JACKSONVILLE, Fla. – A Jacksonville 16-year-old boy, who had an aggressive form of bone cancer, was laid to rest on Saturday.
News4Jax first brought you Talen Birt’s story last month when the organization Dreams Come True surprised him with a special parade at his school, Andrew Jackson High. Talen’s osteosarcoma had metastasized to his left lung which prevented him from being in the classroom.
“It was just hard going to tell your son that there’s nothing else they can do,” said Matthew Birt, Talen’s father “Good athlete, perfect kid, no problems. He never got in trouble. A/B honor roll and he just loved his family.”
Through the 26 rounds of chemo, several surgeries and the osteosarcoma spreading since his diagnosis in 2019, Talen Birt’s focus was getting out of the hospital to go to school and taking care of others.
Talen tragically lost his battle on Aug. 30. It’s his legacy that keeps his family moving forward.
“Before he passed, that Sunday, he had his bookbag packed again. He said ‘I’m going to school on Wednesday, right dad?’” said Matthew.
Talen’s parents were devastated by the diagnosis nearly two years ago, but Talen went through his journey with positivity, giving his family strength.
“When we told him, the first thing that came out of his mouth was ‘God is positive, so therefore, I am positive,’” said Michelle, Talen’s mother.
Matthew knew something was wrong when his son was limping and took him right to the doctors for testing.
Their message: listen and watch your children. Let them guide you on their journey.
“What really surprised me when they talked about cancer research only 4% of federal dollars go to childhood cancer research. I was blown away,” said Matthew.
The Birt’s would see the pediatric floor filled with babies through 19-year-olds being treated for cancer.
Dr. Eric Sandler, the chairman department of pediatrics at Nemours, said the funding is inadequate.
“I think part of it is children are not voting citizens and that makes a difference,” said Dr. Sandler. “I think if you look at the numbers pediatric cancer is only 1% of all the cancers that occur in the U.S.”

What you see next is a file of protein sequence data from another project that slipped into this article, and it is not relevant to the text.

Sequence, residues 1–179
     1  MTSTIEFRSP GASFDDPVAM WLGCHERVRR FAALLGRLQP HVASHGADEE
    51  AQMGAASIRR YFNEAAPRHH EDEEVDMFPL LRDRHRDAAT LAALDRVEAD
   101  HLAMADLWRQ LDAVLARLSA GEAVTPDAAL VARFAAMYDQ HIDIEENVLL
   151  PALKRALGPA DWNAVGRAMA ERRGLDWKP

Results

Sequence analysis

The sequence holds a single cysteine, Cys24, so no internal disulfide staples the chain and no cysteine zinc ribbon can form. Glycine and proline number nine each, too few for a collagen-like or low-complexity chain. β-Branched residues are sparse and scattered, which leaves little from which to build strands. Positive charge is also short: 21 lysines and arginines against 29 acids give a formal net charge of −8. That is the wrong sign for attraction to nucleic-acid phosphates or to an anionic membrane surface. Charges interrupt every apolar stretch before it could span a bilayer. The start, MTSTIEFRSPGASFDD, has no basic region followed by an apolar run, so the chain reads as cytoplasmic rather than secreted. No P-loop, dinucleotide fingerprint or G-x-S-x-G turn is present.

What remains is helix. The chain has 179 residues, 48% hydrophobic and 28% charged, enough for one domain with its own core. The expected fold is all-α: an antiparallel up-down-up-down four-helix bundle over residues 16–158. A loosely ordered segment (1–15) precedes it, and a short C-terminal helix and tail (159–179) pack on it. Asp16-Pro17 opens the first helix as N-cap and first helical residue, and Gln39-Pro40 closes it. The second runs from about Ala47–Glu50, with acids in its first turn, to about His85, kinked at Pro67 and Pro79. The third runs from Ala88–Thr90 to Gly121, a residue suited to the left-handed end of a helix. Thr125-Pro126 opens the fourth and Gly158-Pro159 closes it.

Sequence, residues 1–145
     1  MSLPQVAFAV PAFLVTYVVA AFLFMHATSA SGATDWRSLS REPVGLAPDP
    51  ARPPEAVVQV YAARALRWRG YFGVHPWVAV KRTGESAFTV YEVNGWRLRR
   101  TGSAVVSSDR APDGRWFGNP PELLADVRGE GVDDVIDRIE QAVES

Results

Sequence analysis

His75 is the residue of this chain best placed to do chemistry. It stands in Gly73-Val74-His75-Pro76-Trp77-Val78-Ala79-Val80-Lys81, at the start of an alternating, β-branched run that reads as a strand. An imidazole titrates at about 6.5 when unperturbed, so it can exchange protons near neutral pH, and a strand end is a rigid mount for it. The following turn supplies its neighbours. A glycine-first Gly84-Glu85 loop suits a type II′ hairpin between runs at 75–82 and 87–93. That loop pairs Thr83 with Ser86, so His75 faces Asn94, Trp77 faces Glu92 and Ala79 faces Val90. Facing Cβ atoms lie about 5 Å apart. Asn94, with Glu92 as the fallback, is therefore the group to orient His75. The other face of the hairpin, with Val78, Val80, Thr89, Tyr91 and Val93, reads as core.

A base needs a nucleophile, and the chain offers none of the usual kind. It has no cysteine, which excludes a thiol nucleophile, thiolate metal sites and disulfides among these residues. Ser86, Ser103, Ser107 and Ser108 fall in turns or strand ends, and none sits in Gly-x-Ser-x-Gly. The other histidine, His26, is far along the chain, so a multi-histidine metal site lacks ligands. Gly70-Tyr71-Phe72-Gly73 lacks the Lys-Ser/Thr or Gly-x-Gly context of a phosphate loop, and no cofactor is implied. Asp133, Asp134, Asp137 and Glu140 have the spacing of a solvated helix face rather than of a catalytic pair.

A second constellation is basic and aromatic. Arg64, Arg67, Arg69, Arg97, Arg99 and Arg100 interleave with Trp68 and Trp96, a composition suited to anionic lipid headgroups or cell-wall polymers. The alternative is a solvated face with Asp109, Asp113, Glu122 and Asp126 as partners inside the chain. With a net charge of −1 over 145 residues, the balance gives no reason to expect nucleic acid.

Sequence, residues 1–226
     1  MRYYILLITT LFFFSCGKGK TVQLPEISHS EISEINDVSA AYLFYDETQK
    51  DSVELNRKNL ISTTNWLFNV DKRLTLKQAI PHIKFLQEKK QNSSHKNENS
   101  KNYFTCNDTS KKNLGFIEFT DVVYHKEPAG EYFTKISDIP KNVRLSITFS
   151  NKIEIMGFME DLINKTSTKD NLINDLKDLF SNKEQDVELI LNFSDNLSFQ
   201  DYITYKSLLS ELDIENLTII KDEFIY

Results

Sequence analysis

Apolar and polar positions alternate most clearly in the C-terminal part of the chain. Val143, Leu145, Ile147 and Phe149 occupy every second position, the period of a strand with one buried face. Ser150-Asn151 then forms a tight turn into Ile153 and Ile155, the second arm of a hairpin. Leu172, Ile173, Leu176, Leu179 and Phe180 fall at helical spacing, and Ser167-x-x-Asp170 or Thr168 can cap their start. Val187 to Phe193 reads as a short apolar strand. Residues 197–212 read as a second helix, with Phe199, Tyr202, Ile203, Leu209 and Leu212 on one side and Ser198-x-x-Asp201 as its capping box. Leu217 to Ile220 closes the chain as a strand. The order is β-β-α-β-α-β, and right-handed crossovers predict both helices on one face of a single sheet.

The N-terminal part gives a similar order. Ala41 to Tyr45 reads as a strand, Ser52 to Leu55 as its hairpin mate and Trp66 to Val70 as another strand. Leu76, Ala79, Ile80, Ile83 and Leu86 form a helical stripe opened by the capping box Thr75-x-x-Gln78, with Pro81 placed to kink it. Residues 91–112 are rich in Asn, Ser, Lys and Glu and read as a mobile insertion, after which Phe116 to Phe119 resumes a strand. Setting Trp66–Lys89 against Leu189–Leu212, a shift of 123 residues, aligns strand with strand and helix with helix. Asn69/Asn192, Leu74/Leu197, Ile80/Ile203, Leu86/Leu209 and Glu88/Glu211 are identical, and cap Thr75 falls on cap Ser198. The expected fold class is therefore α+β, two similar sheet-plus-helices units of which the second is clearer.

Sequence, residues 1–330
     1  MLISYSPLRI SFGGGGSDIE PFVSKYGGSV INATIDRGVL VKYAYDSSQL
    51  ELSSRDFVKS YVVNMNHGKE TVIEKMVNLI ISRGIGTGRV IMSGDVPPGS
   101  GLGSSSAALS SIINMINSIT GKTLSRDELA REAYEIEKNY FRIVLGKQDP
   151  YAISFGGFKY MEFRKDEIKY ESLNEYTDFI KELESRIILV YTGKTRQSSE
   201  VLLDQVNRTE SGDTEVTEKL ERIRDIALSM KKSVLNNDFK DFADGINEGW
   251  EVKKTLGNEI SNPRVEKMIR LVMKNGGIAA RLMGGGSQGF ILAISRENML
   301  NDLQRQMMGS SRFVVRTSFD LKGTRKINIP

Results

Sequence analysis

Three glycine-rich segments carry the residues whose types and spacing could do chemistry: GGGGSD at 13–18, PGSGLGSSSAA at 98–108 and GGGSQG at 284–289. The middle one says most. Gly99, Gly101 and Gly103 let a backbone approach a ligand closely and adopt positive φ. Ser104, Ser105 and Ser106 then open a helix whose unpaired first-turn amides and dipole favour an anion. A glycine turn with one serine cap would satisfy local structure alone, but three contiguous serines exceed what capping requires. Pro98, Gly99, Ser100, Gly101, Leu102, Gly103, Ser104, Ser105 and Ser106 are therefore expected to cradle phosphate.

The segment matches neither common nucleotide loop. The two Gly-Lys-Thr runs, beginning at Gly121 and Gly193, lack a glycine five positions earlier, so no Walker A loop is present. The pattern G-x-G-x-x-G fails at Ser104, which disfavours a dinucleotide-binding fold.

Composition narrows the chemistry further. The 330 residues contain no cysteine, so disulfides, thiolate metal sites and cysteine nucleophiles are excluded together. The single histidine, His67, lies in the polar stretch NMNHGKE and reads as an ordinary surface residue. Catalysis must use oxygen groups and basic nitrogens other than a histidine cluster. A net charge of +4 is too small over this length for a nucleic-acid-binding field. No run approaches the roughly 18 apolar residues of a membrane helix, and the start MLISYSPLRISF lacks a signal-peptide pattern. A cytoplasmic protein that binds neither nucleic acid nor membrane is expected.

Dr. Sandler said while the numbers are small, “but when you look at life-years saved because a two-year-old cured of cancer will be a member of society for another hopefully 70 to 80 years.”
He also said pediatrics still benefit from adult cancers research, so when a new treatment is developed for adults, it can also be applied to kids too.
Another issue, doctors are still using the same treatment in 2021 that we were using in 1981. Sandler said this is not because people haven’t tried, but because the outcomes haven’t changed.
“There would be more research being done if there was more funding to help those researchers,” said Sandler.
While the Birt’s lay their child to rest, they are shining a spotlight on this issue.
“So it’s our journey to carry Talen’s legacy is to make some awareness with our legislators and our congressman because we have to make some awareness and let folks know we got to do better,” said Matthew.
They thank God for the time they shared together.
“I coached Talen in football, basketball and baseball so I got that boy for 16 years where some fathers never get that,” said Matthew.
Not only are the Birt’s raising awareness of federal funding for pediatric cancer, but they continue Talen’s legacy and love for school. Talen’s parents have set up an educational scholarship in their son’s name to help families who are also facing hardships with medical bills.
Shandler said while federal funding is low, there have been remarkable efforts within the past few years to try to improve that, including the alliance for childhood cancer, Childhood Cancer Star Act. There’s also a Biden initiative trying to get more funding. Doctors are also pushing for a Child Cancer Data Initiative for a national database.